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WASHINGTON – Building on President Obama’s Climate Action Plan to continue America’s leadership in clean energy innovation, the U.S. Department of Energy today announced $150 million in clean energy tax credits to build U.S. capabilities in clean energy manufacturing. The credits will go towards investments in domestic manufacturing equipment by 12 businesses. Through the Advanced Energy Manufacturing Tax Credit program (48C Program), these awards will help create thousands of jobs across the country and increase U.S. competitiveness in the global clean energy market.
U.S. Secretary of Energy Ernest Moniz announced the 48C Program awards today at the Energy Department’s American Energy and Manufacturing Competitiveness Summit, jointly sponsored by the Council on Competitiveness. As part of the Department’s broader Clean Energy Manufacturing Initiative, this summit brings together industry, government, academia and the Department’s national laboratories to address national challenges in manufacturing and energy.
“Cost-effective, efficient manufacturing plays a critical role in continuing U.S. leadership in clean energy innovation, and the tax credits announced today will help reduce carbon pollution from our vehicles and buildings; create new jobs and supply more clean energy projects in the United States and abroad with equipment made in America,” said Energy Secretary Ernest Moniz.
The President’s Climate Action Plan laid out steady, responsible action to cut carbon pollution in the United States, including deploying clean energy, building a 21st century transportation sector and cutting energy waste in homes, businesses and factories. The 48C Program supports this overall strategy to slow the effects of climate change, while continuing American leadership in clean energy innovation.
The Departments of Energy and the Treasury worked in partnership to develop, launch, and award the funds for this program. The Advanced Energy Manufacturing Tax Credit authorized Treasury to provide developers with an investment tax credit of 30 percent for the manufacture of particular types of energy equipment. Funded at $2.3 billion, the tax credit was made available to 183 domestic clean energy manufacturing facilities during Phase I of the program. Today’s awards, or Phase II, were launched to utilize $150 million in tax credits that were not used by the previous awardees and support projects that must be placed in service by 2017.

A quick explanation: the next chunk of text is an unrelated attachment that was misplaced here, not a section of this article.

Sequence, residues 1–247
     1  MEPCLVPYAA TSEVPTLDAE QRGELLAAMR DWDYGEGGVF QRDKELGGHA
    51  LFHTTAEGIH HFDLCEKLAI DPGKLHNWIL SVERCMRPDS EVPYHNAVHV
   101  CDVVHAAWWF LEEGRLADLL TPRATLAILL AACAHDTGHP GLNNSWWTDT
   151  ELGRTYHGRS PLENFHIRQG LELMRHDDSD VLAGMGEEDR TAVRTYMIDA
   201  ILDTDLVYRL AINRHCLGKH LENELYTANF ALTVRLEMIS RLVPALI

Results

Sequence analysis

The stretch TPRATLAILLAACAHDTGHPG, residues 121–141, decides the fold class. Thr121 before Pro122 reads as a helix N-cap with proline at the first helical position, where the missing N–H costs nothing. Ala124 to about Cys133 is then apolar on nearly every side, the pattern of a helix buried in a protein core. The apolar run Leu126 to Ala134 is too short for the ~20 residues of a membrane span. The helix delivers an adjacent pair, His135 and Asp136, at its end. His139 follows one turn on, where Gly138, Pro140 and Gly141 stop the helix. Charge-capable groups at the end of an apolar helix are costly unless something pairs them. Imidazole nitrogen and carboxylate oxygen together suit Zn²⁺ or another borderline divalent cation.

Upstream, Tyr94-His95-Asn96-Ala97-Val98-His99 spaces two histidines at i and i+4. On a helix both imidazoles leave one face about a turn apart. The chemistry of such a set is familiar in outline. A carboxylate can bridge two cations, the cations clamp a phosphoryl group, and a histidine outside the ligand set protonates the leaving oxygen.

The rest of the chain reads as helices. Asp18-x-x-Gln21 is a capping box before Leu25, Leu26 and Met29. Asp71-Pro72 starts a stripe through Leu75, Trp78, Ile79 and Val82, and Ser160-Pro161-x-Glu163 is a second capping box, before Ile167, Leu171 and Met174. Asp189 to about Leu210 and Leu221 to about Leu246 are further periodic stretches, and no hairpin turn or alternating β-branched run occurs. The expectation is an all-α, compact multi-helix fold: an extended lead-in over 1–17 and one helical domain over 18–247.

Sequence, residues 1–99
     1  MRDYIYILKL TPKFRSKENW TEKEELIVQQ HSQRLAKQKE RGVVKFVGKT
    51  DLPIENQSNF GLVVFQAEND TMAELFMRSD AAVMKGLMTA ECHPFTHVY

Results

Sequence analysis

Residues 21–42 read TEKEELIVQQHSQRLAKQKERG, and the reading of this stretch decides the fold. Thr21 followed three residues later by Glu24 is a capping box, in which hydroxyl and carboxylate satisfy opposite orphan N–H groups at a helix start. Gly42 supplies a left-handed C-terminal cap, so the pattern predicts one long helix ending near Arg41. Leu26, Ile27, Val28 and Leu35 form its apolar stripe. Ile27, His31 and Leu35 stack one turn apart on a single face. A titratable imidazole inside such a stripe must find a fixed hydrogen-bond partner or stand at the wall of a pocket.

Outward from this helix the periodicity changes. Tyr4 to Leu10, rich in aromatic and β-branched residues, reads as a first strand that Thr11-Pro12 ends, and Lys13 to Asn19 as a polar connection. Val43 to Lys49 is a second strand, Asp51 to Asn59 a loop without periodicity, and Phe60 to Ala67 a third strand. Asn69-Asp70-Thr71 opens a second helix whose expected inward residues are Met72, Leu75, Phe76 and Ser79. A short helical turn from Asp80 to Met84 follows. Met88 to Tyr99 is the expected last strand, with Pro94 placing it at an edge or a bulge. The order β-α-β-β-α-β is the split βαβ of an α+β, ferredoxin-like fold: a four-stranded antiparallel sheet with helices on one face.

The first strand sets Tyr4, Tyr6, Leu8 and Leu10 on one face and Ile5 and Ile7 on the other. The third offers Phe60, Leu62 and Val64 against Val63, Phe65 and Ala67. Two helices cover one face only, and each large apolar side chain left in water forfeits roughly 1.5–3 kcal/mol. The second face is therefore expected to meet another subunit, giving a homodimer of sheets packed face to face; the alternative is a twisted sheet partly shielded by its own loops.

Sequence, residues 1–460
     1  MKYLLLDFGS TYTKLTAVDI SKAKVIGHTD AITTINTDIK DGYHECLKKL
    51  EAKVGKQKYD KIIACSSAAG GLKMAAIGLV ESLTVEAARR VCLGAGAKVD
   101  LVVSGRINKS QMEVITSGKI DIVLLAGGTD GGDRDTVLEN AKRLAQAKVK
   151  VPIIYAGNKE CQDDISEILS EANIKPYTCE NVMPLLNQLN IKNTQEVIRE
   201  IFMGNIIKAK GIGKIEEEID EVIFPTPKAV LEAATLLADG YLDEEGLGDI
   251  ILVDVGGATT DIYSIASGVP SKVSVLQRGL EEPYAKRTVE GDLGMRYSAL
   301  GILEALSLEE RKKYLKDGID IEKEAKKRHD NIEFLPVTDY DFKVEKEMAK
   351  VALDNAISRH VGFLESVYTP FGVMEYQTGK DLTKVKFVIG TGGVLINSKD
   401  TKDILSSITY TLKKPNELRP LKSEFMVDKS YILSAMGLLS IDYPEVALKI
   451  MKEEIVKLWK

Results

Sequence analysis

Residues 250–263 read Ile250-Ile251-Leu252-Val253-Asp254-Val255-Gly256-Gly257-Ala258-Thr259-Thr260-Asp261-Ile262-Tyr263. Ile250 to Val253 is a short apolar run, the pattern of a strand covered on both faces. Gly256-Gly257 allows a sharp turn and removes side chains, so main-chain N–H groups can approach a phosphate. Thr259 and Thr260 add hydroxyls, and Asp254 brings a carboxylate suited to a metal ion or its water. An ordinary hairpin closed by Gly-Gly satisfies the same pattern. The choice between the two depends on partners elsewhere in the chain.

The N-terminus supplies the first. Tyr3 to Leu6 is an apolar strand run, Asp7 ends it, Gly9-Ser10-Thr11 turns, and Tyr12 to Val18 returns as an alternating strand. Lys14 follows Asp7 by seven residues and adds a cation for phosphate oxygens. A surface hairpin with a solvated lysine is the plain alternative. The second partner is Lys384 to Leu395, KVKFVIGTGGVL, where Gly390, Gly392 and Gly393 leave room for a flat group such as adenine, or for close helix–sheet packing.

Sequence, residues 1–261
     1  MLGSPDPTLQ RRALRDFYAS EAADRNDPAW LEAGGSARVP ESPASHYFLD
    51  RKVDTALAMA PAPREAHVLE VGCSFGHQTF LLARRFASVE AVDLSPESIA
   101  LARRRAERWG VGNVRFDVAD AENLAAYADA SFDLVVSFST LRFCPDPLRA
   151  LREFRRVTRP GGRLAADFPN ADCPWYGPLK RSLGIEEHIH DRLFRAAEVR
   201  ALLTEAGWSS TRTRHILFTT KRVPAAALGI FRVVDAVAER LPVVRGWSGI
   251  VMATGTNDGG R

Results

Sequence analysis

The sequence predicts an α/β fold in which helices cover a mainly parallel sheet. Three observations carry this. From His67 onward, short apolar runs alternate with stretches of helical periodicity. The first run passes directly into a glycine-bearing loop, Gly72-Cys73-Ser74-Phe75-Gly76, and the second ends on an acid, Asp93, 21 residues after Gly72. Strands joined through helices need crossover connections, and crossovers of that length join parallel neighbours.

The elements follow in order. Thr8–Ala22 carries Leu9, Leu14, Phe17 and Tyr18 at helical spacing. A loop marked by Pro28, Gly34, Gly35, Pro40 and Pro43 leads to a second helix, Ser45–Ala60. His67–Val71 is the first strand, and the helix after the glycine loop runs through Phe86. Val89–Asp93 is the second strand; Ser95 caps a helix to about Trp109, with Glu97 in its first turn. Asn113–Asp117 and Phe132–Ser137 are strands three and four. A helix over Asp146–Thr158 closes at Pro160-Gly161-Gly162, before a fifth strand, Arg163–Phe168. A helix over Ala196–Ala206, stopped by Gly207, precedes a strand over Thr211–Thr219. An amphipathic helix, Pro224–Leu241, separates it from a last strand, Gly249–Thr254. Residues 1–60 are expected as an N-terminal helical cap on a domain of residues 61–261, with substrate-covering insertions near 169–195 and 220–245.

Today’s awards include domestic manufacturing of a wide range of renewable energy and energy efficiency products – from hydropower and wind energy to smart grid technologies to fuel efficient vehicles – and will support thousands of new manufacturing jobs in nine states and dozens of supply chains throughout the United States. These projects, subject to final certification, include following:
Energy Efficient Buildings: With the support of $5.1 million in 48C Program tax credits, Carrier Corporation will expand production at its Indianapolis facility to meet increasing demand for its eco-friendly condensing gas furnace product line. The new line includes the most energy efficient gas furnaces on the market – all with at least 95 percent annual fuel utilization efficiency.
Fuel Efficient Vehicles: Corning Incorporated received $30 million in 48C Program tax credits to expand the manufacturing capacity of its diesel emissions control products facility in Erwin, New York. The site development and infrastructure enhancements support domestic and international demand for ceramic substrates and filters for heavy-duty diesel engine, truck, construction and agricultural equipment. Corning’s project benefits the local economy with an estimated 200-250 permanent manufacturing and warehouse jobs and 275 temporary construction jobs.
Renewable Energy: Natel Energy Inc. makes low-head, high-flow hydroelectric turbines for new, distributed, utility-scale hydropower projects as well as for retrofitting dams and irrigation canals. With more than $2 million in 48C Program tax credits, Natel is equipping a manufacturing facility on California’s former Alameda Naval Air Station. The facility will produce 200 turbines annually – roughly 90 megawatts – to enable environmentally friendly hydropower development worldwide.